Finally, a gaggle of information is available in the Multi-Function Indicator, but the coolant temp gauge is simply a dummy. I reckoned that since the needle stayed at the gauge midpoint (which is marked “190″), that the engine was just running 190F when warm. In fact, the OBDII port data indicates that the TDI runs at 201-205F, and can get up to 233F under certain conditions. The “190″ marking? The gauge hits that mark when coolant temperature is only at 160. Talk about false advertising…
Ride & Handling
The car magazines seem to agree that the Passat handles better than many other midsizers in the segment. After driving most of the competition, I’d have to disagree. The Mazda6 and Honda Accord both feel sportier than the Passat. The beautiful 3-spoke steering is properly weighted and feels wonderful to hold, but feels only slightly livelier than a Camry. Then again, most dead fish are livelier than the Camry. At least the steering box is fairly intuitively geared and accurate. Any doubts imparted by the steering are removed by the brakes, which work more linearly than in some Japanese cars. It’s a pleasure to have brakes that work this well, and hopefully these won’t warp over time.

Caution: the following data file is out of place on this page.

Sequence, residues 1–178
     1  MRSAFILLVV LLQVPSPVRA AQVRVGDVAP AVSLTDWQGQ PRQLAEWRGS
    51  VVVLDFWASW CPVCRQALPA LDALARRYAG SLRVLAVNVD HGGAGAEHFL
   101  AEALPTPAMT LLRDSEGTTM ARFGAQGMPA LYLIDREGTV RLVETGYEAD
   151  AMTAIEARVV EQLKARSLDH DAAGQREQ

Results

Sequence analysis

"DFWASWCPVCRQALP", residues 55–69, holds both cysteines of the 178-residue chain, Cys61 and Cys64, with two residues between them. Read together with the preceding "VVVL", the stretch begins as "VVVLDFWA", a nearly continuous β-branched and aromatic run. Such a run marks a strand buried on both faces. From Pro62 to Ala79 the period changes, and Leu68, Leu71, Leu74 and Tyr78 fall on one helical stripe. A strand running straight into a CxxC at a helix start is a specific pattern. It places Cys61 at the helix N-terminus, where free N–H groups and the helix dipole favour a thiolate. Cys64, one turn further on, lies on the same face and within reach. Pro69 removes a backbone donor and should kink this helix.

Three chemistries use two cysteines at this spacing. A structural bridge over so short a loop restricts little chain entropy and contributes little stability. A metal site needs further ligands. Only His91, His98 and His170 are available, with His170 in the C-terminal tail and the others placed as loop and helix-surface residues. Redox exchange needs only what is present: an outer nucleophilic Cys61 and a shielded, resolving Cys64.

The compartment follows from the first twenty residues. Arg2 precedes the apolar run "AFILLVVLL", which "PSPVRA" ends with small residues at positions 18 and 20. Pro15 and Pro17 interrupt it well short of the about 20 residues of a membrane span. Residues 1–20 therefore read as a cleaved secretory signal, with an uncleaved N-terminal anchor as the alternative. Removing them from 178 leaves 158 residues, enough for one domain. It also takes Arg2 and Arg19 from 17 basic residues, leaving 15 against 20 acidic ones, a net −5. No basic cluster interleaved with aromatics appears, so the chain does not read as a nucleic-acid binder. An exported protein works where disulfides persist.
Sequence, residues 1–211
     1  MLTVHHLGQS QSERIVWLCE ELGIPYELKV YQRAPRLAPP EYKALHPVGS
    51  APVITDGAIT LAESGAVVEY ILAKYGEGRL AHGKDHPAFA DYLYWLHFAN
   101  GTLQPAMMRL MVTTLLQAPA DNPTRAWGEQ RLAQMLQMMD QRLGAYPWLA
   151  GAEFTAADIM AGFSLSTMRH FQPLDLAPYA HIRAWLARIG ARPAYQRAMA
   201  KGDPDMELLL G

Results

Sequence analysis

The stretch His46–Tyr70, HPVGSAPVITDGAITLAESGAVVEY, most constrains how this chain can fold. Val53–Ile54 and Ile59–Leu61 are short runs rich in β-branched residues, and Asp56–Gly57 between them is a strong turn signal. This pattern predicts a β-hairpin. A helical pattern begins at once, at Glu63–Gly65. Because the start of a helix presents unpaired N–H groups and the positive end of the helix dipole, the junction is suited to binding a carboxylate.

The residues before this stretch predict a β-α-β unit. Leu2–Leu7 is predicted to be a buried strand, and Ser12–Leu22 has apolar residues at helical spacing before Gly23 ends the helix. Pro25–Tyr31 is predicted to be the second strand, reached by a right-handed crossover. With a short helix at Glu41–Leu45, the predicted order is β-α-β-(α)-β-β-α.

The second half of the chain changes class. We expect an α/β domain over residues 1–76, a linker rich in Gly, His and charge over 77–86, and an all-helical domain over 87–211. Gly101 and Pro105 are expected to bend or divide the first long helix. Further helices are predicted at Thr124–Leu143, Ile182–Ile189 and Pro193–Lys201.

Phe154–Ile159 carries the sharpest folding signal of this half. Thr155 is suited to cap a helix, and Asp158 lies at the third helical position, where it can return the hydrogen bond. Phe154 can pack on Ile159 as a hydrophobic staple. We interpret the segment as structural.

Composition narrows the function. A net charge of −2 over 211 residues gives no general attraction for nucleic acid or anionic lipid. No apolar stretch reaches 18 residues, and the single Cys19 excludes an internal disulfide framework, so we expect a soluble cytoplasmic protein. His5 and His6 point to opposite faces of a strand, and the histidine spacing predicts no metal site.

Of course, the Passat is designed to be a great highway cruiser, and the cushy ride is evidence of that. Body motions are well controlled and wind/engine noise is not generally an issue. The only time the car really speaks up is on rougher sections of road, but we think that the Hankook tires are the most likely culprit there. It’s not bad enough that the audio system won’t overpower it at will, but it is definitely a contender for one of the loudest cars in this field. Overall, it is a great car for driving all day, eating up long portions of road well into the evening, without arriving fatigued – something I have never experience before.